This may be an oversimplification, but airliners don't seem to become obsolete (economically, performance wise, etc) as quickly as they use to.

True, DC-6s were relatively reliable for their era. Some DC-6s flew about two decades with original operators. But DC-7s, Boeing Stratocruisers and the 1649 models of the Constellation had far shorter careers; their more powerful piston engines also had more moving parts and thus were rather cantankerous. IIRC, both AA and NW retired all their newer but less reliable DC-7s before the DC-6s finally exited their fleets.

TWA's 1649 Constellations could stay aloft for up to 23 hours if not more. Needless to say, this incredible endurance became quickly moot when jetliners arrived on the scene. Little wonder passengers liked the much faster, virtually vibration-free rides of jets. Little wonder airlines liked the lower maintenance costs (including much longer times between overhauls) of jet engines over piston powerplants.

Of course, the oil crises of the early 1970s saw relatively young but gas guzzling 707s/720s/early DC-8s/880s/990s start to head to boneyards. This was especially true of those birds with turbojet (straight pipe) powerplants.

Even in more recent times, some A318s were scrapped even though they were less than a decade old. Although shrinks of original planes tend to have poorer economics, the parting out of younger frames still seems to be the exception these days.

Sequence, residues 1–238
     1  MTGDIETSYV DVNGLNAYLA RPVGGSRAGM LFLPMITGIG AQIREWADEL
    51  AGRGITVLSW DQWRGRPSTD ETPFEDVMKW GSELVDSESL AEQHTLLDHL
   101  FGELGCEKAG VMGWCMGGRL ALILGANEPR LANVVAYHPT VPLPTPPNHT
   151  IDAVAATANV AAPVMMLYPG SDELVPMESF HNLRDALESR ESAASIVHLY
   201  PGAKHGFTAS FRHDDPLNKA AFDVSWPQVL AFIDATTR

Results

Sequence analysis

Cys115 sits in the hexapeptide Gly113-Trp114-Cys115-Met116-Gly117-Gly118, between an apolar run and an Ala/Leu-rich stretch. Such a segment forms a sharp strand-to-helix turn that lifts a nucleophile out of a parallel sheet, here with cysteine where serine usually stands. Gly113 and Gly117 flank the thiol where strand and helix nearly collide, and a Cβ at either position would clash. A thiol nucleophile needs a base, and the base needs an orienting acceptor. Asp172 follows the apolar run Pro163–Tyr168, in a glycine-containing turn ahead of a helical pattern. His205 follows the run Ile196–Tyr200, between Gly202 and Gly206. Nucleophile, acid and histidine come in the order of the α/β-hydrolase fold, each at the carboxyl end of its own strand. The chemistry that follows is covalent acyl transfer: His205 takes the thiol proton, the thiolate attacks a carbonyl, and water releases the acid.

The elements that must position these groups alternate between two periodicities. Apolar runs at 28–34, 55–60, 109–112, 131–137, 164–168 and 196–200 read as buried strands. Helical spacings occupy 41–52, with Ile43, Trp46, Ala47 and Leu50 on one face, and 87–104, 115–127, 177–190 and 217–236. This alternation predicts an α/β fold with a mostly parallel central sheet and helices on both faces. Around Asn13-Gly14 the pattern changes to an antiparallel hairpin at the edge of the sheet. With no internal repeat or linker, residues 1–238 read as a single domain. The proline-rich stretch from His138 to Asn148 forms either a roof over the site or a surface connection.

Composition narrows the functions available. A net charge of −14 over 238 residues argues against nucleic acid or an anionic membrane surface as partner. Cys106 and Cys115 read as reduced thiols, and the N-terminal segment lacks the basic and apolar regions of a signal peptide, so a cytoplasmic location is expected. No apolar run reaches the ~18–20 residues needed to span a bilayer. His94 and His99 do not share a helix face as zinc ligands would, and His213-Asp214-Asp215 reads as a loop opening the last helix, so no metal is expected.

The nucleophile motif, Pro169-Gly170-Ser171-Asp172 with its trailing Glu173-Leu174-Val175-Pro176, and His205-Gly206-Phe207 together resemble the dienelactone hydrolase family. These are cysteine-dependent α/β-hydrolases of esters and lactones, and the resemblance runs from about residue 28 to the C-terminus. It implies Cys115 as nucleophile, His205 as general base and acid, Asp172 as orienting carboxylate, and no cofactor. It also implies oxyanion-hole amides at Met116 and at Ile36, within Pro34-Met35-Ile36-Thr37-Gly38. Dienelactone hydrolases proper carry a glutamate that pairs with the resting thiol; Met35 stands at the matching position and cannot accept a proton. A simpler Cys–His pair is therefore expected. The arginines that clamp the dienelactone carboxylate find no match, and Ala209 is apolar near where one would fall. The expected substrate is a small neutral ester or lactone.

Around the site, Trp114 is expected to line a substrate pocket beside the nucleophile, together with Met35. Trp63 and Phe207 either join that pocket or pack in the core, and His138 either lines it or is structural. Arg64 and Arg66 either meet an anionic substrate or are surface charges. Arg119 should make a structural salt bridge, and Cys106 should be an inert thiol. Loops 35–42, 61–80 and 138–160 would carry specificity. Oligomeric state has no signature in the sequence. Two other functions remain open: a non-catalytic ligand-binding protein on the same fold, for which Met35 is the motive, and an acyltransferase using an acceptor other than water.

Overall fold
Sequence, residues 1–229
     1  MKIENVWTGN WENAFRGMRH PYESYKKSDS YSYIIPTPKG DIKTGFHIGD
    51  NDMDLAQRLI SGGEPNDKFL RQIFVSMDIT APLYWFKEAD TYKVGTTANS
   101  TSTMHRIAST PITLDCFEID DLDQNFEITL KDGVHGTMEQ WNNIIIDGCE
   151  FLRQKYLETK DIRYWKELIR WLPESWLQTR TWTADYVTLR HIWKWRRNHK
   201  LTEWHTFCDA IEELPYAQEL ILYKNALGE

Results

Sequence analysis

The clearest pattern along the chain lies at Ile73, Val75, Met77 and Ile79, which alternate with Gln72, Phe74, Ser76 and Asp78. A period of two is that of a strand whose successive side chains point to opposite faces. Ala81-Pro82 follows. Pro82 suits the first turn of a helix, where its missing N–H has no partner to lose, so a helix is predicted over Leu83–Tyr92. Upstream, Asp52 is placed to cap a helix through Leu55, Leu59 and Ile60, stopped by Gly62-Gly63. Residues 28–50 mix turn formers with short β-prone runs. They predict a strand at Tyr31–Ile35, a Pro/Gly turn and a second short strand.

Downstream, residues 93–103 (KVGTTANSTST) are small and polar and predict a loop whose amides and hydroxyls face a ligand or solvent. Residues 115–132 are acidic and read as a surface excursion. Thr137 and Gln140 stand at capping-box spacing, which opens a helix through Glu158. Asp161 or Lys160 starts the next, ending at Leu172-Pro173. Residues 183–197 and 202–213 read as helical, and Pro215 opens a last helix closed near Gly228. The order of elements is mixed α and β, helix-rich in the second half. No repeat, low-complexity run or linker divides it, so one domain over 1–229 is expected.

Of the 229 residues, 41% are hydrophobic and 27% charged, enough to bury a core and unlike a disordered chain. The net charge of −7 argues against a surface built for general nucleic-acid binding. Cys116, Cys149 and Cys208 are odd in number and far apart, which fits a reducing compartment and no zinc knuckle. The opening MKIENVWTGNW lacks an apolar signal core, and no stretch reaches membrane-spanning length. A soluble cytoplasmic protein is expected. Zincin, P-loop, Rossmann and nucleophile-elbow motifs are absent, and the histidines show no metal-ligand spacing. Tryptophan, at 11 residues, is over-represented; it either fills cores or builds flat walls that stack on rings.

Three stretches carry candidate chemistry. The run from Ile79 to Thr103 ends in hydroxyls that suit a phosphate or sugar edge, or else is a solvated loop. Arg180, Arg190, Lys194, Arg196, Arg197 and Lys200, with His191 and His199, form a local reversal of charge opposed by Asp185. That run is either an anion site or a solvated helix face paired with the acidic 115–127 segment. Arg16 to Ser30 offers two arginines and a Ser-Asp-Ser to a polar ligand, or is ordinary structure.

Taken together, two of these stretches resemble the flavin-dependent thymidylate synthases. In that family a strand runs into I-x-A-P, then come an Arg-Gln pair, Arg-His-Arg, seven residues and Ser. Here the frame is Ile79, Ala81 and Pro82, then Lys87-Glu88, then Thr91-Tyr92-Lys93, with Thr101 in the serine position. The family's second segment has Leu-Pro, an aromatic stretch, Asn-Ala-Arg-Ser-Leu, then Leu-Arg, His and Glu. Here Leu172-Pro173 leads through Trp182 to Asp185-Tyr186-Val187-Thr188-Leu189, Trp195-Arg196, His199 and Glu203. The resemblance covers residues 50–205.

Wingtips56
Posts: 1291
Joined: Thu Dec 16, 2010 1:26 am

Re: airline fleets are getting older

Tue Feb 18, 2020 6:56 am

TTailedTiger wrote:

AA was probably the worst offender for bad fleet decisions. They dumped new MD-90's, 737 Classics, and 717's while keeping around fuel guzzling and three-man 727's.

Hardly. AA's structure didn't/doesn't work with a variety of mini sub fleets, and all of these were small numbers from mergers. 731/732/733 all from AirCal. 10 733 sold off to WN. 731/732 were all a mixed bag of different models mostly used from other airlines. 2 731 from Colombia. Each station in the OC system had a case of microfiche data for each 732 variation; I think the most that were of the same versions were the 8 or so 1968 first generation ex-PSA birds. N461GB turned out to be the highest cycle Boeing in service at the time; found to have a cracked aft bulkhead like the JL747 disaster and separating skin like the AQ convertable. Only a couple were 732 Advanced. 2 732QC from Wien. Others were from UA, WA, Aloha, S. Africa military, and who knows. 6? Bae-146 from OC. 2 MD87 and 3-4 MD90 from RenoAir. The MD80s from QQ were different. The 717 from TW too few and not needed in the class against the F100s. Meanwhile, AA had 125 matching 727-223. Economies of standardization.
Worked for WestAir, Apollo Airways, Desert Pacific, Western, AirCal and American Airlines (Retired). Flight Memory: 181 airports, 92 airlines, 78 a/c types, 403 routes, 58 countries (by air), 6 continents. 1,119,414 passenger miles.